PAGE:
How does the transfer of heat takes place from ice below 0 degree celcius to water at room temperature? Does it take place by conduction? Does temperature of water rises uniformly throughout or it first increases near the surface of ice?

When some ice at 0 degree celcius kept in a beaker is heated, does the temperature of water formed by melting of ice increases simultaneously with melting of ice or temperature of water remains constant till all the ice is melt? Also Give logic behind your explanation

  • $\begingroup$ If you want heat to flow from a cold object to a warmer object, this can only happen if the pressure is decreases dramatically or similar. $\endgroup$
    – Steeven
    Mar 12, 2016 at 8:32
  • $\begingroup$ It cannot be answered if the heat transfer is by conduction, before the system is known. Can you describe and make a sketch of the setup? Are we talking ice in a water bath, or ice alone melting or ice on the table and water in a bowl beside it? $\endgroup$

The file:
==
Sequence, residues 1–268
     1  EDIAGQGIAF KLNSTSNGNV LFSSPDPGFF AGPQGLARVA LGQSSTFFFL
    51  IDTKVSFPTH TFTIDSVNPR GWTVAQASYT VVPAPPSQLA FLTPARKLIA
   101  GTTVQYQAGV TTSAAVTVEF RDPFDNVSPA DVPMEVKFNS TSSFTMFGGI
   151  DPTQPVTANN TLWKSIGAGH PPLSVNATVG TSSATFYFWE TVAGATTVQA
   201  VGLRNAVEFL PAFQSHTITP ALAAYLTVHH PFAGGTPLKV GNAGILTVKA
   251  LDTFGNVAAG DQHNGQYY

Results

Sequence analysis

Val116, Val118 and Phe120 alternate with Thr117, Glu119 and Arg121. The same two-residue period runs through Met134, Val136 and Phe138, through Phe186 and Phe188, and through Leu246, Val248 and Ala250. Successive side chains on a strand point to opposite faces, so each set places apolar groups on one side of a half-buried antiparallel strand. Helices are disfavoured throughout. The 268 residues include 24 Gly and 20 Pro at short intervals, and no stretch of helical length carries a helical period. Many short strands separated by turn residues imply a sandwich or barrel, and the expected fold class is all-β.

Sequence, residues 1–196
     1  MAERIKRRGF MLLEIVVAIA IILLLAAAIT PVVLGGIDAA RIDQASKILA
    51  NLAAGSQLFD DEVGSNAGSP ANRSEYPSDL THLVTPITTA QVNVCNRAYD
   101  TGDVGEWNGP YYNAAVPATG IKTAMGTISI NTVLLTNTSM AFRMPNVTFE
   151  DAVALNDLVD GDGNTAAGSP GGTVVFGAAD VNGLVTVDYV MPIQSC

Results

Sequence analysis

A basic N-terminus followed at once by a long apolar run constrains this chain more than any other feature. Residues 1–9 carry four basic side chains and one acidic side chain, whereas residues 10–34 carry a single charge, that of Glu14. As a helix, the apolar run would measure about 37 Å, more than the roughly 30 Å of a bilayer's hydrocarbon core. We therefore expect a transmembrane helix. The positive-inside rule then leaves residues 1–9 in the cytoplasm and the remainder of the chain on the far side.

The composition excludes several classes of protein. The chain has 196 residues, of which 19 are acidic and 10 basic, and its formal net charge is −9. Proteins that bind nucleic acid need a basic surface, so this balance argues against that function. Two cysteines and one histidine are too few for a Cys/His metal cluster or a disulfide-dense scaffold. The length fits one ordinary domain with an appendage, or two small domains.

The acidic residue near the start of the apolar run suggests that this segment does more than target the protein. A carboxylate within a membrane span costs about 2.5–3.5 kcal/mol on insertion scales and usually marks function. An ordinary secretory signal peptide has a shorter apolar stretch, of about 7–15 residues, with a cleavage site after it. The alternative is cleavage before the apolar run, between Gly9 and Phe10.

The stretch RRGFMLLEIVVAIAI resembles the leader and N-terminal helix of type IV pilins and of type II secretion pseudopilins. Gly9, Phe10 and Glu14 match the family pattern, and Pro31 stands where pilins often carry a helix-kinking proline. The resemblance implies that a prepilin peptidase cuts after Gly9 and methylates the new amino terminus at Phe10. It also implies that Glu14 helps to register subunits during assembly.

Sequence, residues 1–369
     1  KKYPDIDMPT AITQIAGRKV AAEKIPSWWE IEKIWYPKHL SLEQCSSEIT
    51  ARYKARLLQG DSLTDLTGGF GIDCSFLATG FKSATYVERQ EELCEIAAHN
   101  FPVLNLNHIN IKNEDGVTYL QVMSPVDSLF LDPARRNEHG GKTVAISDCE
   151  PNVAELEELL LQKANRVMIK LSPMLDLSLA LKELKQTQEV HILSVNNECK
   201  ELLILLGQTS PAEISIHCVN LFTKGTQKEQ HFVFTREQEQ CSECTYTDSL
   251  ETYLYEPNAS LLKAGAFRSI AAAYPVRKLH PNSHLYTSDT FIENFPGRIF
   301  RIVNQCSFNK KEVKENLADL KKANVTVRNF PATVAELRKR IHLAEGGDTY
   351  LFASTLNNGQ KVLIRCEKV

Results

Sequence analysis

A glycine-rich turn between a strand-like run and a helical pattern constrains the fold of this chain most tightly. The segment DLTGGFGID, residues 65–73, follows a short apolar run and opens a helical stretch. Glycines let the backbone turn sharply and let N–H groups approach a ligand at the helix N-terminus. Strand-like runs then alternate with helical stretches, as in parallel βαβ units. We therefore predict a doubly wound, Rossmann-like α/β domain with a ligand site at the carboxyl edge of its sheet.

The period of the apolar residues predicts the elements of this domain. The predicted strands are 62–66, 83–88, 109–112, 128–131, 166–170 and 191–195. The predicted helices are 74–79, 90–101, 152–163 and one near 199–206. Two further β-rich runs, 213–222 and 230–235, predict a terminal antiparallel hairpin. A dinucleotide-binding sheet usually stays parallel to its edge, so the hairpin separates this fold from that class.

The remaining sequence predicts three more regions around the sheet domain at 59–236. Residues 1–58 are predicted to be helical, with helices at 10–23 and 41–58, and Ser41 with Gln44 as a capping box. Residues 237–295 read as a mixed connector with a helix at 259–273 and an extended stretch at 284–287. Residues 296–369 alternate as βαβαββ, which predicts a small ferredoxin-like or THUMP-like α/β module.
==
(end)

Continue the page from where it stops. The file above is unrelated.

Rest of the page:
– Steeven
    Mar 12, 2016 at 8:34
  • $\begingroup$ @Steeven discuss both the cases. First part of my question deals with the case of ice kept in water bath and next part deals with melting of ice alone. $\endgroup$
    – cool joey
    Mar 12, 2016 at 9:49

1 Answer 1


This is a pretty complicated heat transfer problem you are posing. The first question that needs to be addressed is "what happens close the interface between the ice and water when they are brought into initial contact?" If we were dealing with two solids at different temperatures (and no phase change), the interface would initially come to a temperature somewhere between that of the two bulk solids, and remain at that temperature for a while. The heat transfer would be dominated by conduction. In your case, there is a phase change, so it would be a little more complicated. First consider the case where the ice is at 0 C initially. Why? If you can't analyze that, then you certainly won't be able to analyze the case where the ice temperature is initially lower. So, for this simpler case, what is the temperature at the boundary?

Further on into the analysis of this problem, you need to decide whether you want to assume that the heat transfer takes place with stirring and/or natural convection of the water, or whether you want to consider the limit where no convection is occurring. In the latter case, the heat transfer would be dominated by conduction throughout the process (and there would be substantial temperature gradients present).


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